shares a new essay, below, about the current economic crisis:
Accounting methods really haven't been updated to keep up with the changes as service and information economy overlays have changed the game. We have no way to account for our greatest assets in the modern economy -- talent, staff loyalty, team productivity in innovation, effective communication of information through media and business channels, and so on. These are all without accounting value in our current systems.
Iconoclasm: Wall Street -- the chickens come home to roost
Today, value is added by shifting assets through complex smoke-and-mirror complexities in the financial markets. Or, value is created by applying talent (our largest intangible) stabilized by loyalty and passion to task (our least quantified intangibles, and the root of real innovation and productivity) in the information economy.
Tangible industries -- heavy industries, retail,... -- have been transformed by supply chain innovations, but even globalized, are well enough understood.
But a huge amount of the wealth creation since the invention of the transistor is intangible, and since we have no way to quantify and account for innovation, creativity, excellent records of technical teams, and so on, the market has tried to find tricks to value them, mostly through the stocks of information economy firms.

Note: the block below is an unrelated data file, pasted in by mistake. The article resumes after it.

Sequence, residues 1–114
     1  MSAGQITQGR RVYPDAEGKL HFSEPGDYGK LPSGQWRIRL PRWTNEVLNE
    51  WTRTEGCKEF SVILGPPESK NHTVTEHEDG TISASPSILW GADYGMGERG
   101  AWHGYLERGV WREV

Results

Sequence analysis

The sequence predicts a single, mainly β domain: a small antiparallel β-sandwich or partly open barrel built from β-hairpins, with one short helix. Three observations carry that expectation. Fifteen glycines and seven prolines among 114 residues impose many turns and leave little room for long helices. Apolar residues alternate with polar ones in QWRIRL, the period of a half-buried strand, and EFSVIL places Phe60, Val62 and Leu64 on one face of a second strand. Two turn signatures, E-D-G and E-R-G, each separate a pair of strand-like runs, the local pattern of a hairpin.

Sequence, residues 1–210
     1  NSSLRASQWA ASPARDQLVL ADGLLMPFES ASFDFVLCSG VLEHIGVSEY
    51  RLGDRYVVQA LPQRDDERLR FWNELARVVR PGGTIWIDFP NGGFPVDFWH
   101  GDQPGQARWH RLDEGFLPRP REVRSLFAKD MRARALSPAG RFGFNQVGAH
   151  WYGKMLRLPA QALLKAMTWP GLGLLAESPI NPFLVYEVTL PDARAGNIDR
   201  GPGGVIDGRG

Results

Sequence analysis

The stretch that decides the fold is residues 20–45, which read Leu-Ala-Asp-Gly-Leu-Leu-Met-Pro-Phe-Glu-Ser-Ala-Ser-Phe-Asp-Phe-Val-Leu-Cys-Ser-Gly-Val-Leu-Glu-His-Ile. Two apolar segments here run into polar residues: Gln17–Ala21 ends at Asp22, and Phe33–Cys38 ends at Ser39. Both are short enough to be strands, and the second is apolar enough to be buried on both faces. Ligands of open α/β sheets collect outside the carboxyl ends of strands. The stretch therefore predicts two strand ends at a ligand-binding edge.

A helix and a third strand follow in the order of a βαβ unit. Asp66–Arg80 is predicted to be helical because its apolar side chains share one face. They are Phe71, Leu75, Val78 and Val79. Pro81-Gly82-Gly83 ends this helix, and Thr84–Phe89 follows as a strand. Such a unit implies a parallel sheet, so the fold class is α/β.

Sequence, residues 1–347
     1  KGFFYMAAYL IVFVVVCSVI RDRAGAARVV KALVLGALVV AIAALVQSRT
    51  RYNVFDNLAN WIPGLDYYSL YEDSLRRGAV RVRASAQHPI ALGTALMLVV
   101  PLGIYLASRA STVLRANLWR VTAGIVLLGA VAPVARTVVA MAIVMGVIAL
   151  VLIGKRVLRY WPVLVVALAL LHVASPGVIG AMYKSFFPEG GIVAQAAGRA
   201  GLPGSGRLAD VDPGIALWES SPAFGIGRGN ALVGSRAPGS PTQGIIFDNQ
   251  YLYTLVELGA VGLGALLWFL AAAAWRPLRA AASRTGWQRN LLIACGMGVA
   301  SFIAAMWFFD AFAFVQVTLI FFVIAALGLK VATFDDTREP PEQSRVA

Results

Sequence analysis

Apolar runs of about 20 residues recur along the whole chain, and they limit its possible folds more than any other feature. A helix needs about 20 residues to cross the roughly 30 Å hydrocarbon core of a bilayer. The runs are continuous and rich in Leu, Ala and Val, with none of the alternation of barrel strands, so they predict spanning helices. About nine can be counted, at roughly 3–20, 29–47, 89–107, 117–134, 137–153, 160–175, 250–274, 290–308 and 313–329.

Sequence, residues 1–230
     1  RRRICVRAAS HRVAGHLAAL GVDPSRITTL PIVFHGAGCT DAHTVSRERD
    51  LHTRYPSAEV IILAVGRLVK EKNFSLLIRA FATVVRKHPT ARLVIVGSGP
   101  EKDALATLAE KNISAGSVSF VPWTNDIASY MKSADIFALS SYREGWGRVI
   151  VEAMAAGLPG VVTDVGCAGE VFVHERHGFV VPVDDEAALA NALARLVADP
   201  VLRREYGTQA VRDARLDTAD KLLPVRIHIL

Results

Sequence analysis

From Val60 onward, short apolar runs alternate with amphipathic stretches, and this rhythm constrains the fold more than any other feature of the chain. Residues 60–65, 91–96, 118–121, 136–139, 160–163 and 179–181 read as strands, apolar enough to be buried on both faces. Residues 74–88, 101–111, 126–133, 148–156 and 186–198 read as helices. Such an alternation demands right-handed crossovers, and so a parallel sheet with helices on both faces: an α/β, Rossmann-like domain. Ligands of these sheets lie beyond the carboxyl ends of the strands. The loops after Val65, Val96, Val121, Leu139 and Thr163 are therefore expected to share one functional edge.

Since so few people really understand tech, PR, marketing and flim-flam have become the greatest influence on the value of any technical or informationally complex company.
I asked Amy Parness, the co-founder of Sparkle Labs, maker of fantastic educational electronics kits, to write a Medium post about gender and the business of being a maker business person. Her terrific essay calls out the problems with “pink girly engineering kits.” From Medium:
Zero UI is the new term for “invisible interfaces”—what happens in the future when all the clicking and tapping and typing is history: “If you look at the history of computing, starting with the jacquard loom in 1801, humans have always had to interact with machines in a really abstract, complex way.” [Fast Company]
CEO Dick Costolo will resign, to be replaced in the interim by Jack Dorsey
The Lytro Illum dares to be different, boasting even more robust features than its first generation predecessor and a sleek design reminiscent of professional DSLRs. What’s so cool about it? Most cameras capture the position of light rays, producing a statoc 2D image.
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